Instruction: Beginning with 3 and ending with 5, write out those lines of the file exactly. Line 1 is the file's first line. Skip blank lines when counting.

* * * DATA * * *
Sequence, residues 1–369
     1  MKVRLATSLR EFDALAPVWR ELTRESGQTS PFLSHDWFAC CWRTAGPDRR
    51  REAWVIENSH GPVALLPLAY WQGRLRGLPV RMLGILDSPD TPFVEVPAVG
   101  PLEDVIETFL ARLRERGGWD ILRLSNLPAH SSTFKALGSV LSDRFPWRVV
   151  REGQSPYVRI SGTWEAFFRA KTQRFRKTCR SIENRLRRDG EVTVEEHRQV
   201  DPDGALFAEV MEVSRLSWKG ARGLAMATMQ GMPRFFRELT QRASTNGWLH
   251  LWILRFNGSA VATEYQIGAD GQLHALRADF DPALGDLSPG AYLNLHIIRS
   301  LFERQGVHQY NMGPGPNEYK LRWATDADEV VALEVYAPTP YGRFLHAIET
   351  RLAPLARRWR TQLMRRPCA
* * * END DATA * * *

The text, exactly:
    51  REAWVIENSH GPVALLPLAY WQGRLRGLPV RMLGILDSPD TPFVEVPAVG
   101  PLEDVIETFL ARLRERGGWD ILRLSNLPAH SSTFKALGSV LSDRFPWRVV
   151  REGQSPYVRI SGTWEAFFRA KTQRFRKTCR SIENRLRRDG EVTVEEHRQV